On January 20, 2018, Sikh Sangat of North America hosted an evening of interfaith and community engagement to raise awareness about the Sikh faith amongst local community members and to collectively express gratitude and appreciation for all of life’s blessings in the New Year. Over 400 guests attended the Grand Rapids Gurdwara for a one-of-a-kind interfaith event.
In partnership with the Kaufman Interfaith Institute and WGVU, the day began with guests being welcomed to the Gurdwara and receiving a free information package about Sikhs, followed by a personalized tour of the Gurdwara. Guests had the opportunity to participate in Turban tying which many of them participated in.
“I’ve always been curious about why Sikhs wear turbans and how it’s tied, and today I was able to learn about both,” said a member of the Christian faith. “The volunteers tying turbans were pleasant and took the time to explain the purpose of the Turban and really personalized the whole experience for me, from tying my hair into a bun, talking about how the Turban represents sovereignty and then allowing me time look into the mirror and really appreciate the crown that I was wearing. I enjoyed having a turban tied on me and it was definitely a unique experience which I’ll never forget.”
The main program then began with Simer Singh addressing the congregation and talking about who Sikhs are, the message of Sri Guru Granth Sahib Ji (the Sikh Holy Scripture) and how every single person has the ability to merge into the Divine while still alive. A question/answer period then followed with guests asking Simer Singh a wide range of questions such as: why do Sikhs bow in front of the holy scripture, what does Sri Guru Granth Sahib Ji say about gender and racial equality, why is money placed in front of the Sikh holy scripture and much more. This portion of the program was one of the highlights of the evening for much of the congregation. It allowed for an open dialogue in an inclusive environment for guests to ask intimate questions and to receive well-thought-of, and accurate answers in a way that highlighted connectivity with the Divine, the world and each other.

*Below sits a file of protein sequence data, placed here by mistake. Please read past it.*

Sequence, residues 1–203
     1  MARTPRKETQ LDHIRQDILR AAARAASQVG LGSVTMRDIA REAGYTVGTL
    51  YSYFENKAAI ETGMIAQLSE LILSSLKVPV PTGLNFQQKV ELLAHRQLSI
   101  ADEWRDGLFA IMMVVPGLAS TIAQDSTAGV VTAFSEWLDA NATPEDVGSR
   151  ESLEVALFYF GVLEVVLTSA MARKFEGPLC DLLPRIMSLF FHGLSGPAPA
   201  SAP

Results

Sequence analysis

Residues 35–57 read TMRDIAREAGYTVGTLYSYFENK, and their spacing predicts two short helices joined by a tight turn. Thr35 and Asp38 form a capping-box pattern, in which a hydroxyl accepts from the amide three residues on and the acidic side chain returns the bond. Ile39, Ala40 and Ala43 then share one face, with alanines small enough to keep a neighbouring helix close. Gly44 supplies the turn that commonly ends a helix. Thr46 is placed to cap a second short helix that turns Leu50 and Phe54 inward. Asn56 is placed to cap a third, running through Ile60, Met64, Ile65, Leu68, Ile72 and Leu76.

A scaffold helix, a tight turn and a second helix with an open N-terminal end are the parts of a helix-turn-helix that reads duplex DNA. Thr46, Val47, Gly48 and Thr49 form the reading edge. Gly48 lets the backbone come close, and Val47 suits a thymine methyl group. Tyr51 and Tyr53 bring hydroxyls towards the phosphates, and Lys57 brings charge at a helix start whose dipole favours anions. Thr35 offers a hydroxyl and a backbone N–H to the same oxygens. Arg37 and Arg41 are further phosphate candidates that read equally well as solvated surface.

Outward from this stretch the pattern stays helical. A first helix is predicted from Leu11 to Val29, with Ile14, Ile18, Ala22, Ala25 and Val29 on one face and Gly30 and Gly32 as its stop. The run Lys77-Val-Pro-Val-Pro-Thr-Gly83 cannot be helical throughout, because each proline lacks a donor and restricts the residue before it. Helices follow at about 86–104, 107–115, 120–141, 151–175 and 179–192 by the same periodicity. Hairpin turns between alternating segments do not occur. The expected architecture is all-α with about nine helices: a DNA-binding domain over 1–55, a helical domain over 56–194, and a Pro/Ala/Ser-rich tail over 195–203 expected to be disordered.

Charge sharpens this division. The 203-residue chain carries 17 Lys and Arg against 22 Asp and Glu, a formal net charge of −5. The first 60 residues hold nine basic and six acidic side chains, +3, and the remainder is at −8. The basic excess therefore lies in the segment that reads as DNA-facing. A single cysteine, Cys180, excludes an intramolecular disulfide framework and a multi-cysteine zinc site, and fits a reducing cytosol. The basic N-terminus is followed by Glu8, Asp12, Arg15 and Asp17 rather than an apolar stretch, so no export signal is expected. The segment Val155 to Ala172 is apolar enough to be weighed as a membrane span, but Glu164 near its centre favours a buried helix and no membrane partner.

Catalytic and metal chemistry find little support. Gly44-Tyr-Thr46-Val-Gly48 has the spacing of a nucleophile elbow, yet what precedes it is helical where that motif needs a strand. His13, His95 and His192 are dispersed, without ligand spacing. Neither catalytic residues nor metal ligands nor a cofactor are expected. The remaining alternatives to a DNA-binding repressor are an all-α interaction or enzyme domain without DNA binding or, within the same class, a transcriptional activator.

“Thank you for such an enlightening evening. I had the chance to ask a question in the question/answer session, which I normally wouldn’t have felt comfortable asking,” said a guest from the local Presbyterian Church. “Quite often we don’t know how to ask questions of each other, in fear of offending one another. Today we were able to ask in a welcoming environment, and the answers were simply explained and helped me better understand who Sikhs are.”
Langar was then offered to all guests, which is a specially-prepared meal for the congregation by local volunteers. The congregation enjoyed a meal together with their brothers and sisters from various faiths further adding to dialogue and